Everyone’s mileage varies a bit. I did a bunch of personal and super
small business side work from late Win3.1 to the initial XP days. Sure
95 wasn’t perfect, but the changes were major and overall I believed it
was a positive and forward moving experience. NT was the clear winner,
but it was very slow and hardware and application support were well
behind the lesser 95. They improved 95 and even 98 had major changes
during its life cycle.
I did have serious issues with ME and ended up steering folks to 2000
Vista was a big change too, but it was very clear it wasn’t optimized on
release. Even the folklore out of MS on the development of Vista is best
described as ‘train wreck.’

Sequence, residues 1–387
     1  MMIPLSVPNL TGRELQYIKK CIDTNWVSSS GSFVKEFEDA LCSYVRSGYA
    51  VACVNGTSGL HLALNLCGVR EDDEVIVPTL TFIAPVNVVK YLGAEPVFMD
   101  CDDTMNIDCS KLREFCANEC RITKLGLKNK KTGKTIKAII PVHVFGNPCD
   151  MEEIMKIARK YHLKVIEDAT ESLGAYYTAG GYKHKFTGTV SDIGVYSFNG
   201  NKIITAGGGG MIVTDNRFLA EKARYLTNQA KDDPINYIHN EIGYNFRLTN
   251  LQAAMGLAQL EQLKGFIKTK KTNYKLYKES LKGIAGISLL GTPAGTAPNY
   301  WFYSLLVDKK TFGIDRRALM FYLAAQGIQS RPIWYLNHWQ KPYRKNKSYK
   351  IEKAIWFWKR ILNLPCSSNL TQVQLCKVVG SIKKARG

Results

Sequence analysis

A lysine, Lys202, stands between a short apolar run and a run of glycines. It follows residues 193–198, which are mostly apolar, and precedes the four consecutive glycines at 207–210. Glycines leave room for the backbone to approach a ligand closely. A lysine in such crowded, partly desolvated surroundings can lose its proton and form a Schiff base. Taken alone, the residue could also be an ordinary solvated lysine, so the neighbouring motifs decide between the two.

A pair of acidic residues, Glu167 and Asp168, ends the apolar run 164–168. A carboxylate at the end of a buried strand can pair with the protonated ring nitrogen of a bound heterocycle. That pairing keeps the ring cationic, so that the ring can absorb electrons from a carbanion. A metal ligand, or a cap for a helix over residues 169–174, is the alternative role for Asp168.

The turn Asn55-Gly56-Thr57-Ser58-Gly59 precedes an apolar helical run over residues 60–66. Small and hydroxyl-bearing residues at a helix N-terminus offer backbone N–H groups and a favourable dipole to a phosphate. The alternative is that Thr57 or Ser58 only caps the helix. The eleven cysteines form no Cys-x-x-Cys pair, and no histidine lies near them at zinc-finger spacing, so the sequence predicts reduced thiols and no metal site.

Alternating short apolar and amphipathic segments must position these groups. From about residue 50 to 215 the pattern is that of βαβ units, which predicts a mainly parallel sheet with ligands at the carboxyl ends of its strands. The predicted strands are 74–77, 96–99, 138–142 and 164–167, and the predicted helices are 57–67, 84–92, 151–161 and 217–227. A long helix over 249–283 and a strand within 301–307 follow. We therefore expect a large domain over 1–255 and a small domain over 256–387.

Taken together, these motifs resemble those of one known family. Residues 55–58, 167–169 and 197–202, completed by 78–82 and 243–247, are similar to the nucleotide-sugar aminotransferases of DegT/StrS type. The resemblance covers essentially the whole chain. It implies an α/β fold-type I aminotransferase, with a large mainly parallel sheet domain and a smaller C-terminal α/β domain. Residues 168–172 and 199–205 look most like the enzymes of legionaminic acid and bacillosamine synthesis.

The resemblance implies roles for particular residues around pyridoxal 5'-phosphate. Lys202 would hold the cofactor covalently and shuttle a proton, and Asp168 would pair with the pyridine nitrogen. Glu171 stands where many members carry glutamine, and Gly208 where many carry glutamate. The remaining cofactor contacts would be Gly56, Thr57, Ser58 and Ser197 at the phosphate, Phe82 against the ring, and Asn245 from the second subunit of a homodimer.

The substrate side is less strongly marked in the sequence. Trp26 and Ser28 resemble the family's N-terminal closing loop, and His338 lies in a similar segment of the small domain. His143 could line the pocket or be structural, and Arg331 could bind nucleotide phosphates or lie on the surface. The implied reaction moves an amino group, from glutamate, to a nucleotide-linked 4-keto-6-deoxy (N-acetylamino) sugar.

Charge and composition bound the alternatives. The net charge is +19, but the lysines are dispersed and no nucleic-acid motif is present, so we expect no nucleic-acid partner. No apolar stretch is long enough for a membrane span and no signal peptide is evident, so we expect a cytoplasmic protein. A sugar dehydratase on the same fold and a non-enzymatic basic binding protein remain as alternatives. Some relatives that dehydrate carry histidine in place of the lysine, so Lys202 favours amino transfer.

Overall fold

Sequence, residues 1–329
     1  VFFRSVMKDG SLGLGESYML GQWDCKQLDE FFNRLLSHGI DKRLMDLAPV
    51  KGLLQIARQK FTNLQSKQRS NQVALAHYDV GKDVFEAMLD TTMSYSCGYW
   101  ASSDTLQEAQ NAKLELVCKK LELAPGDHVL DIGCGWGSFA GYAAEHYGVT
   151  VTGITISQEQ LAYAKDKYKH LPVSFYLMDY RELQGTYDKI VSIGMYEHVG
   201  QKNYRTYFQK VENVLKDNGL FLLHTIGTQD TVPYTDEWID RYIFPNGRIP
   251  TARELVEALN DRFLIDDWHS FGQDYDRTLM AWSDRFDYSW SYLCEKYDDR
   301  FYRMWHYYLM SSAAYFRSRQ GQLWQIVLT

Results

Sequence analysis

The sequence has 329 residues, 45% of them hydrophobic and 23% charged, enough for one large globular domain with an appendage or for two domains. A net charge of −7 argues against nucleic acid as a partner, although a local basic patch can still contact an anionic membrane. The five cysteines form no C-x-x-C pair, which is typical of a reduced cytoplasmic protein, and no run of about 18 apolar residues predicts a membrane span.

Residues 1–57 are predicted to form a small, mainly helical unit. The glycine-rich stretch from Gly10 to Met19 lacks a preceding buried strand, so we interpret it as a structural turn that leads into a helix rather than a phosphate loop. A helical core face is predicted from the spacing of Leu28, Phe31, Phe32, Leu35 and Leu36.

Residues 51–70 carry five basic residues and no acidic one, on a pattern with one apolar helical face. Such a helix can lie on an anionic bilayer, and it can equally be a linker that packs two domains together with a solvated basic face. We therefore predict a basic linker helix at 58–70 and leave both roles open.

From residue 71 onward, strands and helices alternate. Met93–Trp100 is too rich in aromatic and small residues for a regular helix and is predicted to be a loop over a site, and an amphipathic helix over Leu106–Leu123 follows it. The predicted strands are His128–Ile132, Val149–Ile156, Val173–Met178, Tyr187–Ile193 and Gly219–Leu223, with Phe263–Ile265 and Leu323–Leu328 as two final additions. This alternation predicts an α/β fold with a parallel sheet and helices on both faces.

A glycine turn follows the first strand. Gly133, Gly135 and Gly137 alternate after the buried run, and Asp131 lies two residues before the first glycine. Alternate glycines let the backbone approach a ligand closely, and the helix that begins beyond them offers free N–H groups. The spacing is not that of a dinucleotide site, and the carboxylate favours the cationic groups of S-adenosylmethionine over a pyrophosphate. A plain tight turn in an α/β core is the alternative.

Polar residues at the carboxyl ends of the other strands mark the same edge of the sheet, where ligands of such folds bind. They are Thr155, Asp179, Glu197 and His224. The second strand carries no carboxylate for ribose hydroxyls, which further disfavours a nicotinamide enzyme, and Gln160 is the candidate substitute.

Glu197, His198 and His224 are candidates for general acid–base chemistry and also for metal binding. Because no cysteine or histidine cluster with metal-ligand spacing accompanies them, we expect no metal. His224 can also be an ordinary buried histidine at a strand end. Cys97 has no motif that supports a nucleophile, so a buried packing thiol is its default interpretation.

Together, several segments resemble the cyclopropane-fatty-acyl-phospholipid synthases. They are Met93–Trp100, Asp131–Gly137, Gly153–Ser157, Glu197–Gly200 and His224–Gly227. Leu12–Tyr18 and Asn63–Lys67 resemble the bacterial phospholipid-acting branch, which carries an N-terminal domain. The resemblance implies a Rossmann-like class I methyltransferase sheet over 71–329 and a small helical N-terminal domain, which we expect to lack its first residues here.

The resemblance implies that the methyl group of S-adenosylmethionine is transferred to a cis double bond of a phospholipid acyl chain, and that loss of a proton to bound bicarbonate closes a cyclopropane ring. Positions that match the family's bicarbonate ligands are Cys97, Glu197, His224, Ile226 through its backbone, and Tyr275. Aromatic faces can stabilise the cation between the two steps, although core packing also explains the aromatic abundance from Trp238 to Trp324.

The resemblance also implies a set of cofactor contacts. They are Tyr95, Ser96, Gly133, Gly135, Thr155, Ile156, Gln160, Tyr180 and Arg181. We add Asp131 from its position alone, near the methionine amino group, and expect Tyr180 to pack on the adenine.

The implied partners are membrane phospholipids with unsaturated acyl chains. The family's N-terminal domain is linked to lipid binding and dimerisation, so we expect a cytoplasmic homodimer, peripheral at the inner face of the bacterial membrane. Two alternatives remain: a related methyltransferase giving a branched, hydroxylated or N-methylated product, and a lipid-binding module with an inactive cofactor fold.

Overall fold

Does it mean Vista was really junk? As you pointed out, it can take time
for adoption and Win7 is really just polished Vista.
We still have vertical app vendors that don’t want to support anything
post XP, let alone a 64-bit platform. Even though we have no plans for
Win8, we have taken to telling the vendors the 3rd major release post-XP
is coming and XP is being fully retired on our PCs. They didn’t jump on
the Vista train, and sorta lost the way with 7. Hopefully programmer’s
everywhere wake up a little and move forward just a byte.
On 6/29/2012 7:52 AM, craig wilson wrote:[color=blue]
The primary reason folks say “Junk” is when a major change happens until
Also sometimes it takes Software/Hardware Driver folks time to catch up.
So the 1st year of a significantly new OS can lead to issues until
nearly everyone updates for the new OS.
For Example - I still have Vista on regular laptop.
I have Win7 Licenses where I could upgrade, but I 100% forget it’s not
Windows 7 in daily use. I’ve never had to reinstall but if I do I will
put Win7 on it.
WinMe is likely the only failure and i’m not sure if it was technical as
much as Windows 2000 was just so much better and ppl were ready to make
the jump to the new OS Model.